Forget about resveratrol, as I’ve said before

According to the 2014 World Cancer Report issued by the World Health Organization, no amount of alcohol consumption is safe. They say alcohol contributes to everything from breast cancer to pancreatic cancer to cancers of the mouth–at any amount.

But the American Heart Association advises that drinking alcohol in moderation reduces your risk of heart disease.

So–which organization do you believe?

If you regularly read my Daily Dispatch, you know I’m no prohibitionist. But I do follow the science. And the science shows moderation really is the key–particularly when it comes to alcohol.

As I explained yesterday, alcohol acts as a hormentin. In other words, a little bit of alcohol seems to benefit health and longevity. But excessive amount are indeed harmful. Moderate doses of ethanol, which is a toxic solvent in high doses, actually stimulates the liver and other organs. This action, in turn, protects the body against negative environmental exposures and toxins.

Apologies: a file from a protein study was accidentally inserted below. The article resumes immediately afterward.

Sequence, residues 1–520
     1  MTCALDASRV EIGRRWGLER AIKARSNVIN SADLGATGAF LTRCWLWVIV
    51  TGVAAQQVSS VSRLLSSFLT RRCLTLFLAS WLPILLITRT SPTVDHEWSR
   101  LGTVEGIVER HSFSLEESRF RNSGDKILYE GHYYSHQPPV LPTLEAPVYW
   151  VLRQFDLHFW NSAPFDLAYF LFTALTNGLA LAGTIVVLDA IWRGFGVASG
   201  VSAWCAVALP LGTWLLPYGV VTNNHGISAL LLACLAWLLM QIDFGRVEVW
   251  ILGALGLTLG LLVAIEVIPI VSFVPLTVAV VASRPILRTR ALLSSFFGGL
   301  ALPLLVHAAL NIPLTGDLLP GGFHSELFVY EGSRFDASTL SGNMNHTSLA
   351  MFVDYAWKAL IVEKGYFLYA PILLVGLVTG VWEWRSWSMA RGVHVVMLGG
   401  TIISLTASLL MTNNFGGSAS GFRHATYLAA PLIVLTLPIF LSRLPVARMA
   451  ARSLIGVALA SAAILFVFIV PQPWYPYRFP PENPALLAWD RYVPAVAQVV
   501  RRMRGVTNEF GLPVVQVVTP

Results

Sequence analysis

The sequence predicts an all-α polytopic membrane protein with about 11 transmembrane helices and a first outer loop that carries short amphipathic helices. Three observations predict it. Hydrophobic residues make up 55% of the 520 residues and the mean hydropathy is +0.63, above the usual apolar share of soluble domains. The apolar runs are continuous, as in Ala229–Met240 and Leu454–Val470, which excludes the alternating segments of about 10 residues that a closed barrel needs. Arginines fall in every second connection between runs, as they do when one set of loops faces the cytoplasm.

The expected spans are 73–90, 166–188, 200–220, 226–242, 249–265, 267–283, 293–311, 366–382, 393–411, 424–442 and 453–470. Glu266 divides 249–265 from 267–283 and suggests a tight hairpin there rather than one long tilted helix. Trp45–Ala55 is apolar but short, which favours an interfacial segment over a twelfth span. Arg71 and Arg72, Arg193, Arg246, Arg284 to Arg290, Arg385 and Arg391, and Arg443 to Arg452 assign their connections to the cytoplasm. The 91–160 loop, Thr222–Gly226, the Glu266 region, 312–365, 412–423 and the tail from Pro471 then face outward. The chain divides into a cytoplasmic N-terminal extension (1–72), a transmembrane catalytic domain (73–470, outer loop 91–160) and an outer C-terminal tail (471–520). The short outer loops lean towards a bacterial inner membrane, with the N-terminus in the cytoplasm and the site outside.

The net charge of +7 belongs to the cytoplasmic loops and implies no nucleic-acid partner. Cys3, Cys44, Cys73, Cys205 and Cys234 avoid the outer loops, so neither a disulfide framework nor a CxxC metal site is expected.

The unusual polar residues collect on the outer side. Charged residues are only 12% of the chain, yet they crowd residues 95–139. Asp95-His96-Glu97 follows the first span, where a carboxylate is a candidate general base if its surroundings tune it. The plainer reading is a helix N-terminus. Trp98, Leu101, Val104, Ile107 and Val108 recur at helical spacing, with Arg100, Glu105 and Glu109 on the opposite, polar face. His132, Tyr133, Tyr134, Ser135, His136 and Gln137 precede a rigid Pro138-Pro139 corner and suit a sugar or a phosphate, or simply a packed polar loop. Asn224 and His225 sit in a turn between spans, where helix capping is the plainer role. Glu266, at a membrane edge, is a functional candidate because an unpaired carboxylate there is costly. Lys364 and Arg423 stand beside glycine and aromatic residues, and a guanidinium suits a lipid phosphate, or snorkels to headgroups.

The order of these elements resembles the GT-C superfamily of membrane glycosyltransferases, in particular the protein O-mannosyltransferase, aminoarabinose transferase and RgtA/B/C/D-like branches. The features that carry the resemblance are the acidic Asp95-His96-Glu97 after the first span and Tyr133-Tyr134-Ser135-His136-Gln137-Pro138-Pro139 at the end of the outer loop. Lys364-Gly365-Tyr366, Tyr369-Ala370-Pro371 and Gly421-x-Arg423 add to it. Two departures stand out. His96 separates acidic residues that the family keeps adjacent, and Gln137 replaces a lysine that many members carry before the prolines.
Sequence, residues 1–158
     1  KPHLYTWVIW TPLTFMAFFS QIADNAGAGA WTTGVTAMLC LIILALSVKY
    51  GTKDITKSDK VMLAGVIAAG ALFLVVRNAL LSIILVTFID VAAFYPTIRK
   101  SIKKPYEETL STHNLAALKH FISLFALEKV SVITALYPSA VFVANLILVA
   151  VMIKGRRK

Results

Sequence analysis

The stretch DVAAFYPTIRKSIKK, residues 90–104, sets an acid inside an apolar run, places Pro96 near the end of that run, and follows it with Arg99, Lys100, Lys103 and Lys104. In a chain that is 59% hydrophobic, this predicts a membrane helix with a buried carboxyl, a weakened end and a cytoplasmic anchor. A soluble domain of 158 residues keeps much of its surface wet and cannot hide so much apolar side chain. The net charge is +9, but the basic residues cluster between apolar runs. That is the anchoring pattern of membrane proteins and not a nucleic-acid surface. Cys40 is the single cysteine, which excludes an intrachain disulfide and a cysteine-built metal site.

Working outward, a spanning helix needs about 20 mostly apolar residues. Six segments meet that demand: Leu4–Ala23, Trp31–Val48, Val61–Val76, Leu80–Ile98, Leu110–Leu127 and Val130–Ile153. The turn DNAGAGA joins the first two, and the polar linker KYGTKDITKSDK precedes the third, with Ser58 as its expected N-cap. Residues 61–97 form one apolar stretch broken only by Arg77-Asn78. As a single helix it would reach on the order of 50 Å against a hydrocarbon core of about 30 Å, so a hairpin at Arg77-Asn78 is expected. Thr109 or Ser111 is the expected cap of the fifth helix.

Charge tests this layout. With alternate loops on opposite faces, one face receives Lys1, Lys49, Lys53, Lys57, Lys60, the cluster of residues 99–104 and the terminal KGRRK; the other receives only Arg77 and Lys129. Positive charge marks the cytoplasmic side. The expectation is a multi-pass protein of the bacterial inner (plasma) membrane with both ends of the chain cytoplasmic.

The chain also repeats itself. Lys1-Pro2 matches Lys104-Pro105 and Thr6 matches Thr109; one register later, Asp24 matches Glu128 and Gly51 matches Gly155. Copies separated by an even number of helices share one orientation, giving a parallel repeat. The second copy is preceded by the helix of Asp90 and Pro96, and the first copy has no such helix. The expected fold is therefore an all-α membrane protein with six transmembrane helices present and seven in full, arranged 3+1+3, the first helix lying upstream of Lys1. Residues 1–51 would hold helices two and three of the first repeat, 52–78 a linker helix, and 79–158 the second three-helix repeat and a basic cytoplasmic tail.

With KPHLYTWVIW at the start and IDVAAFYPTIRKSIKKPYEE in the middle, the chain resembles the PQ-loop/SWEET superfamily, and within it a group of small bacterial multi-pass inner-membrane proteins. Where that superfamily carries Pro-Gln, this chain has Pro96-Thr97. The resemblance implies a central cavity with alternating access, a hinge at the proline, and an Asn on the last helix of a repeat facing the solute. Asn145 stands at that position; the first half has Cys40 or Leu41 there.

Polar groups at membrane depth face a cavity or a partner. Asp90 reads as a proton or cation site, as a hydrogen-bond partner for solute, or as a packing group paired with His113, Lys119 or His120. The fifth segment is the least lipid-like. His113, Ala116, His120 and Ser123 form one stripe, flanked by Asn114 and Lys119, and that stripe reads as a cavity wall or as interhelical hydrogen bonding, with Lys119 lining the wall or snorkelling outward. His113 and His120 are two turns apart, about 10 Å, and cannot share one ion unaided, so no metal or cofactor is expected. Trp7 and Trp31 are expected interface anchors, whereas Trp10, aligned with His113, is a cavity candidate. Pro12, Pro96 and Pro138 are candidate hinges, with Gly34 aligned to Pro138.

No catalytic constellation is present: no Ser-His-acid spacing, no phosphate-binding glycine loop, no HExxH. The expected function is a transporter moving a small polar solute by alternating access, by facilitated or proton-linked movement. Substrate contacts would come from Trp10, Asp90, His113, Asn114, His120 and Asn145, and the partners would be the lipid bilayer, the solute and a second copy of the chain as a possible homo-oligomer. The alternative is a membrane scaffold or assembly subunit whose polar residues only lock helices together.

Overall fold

Plus, we need to consider other lifestyle factors…

Statistically, those who abstain from alcohol are typically older, eat a less healthy diet, and exercise less than do moderate drinkers. This description may not fit well with your typical image of a “teetotaler,” but it’s true. In fact, many epidemiological analyses control for these factors and they still show that moderate drinkers live longer, with fewer diseases.

The net result is the well-known “J-shaped” curve of alcohol consumption. One axis of the graph shows disease and death rates. The other axis shows the range of drinkers–from abstainers all the way up to heavy drinkers.

Those at highest end of alcohol use (abuse) are markedly less healthy. Those at the lower end (abstainers) also have higher disease and mortality rates. The drinkers in the middle have the best health and lowest mortality rate.

We see this kind of J-curve with other factors too, including body weight. Those at the high end are markedly less healthy. But those at the lower end aren’t healthy either.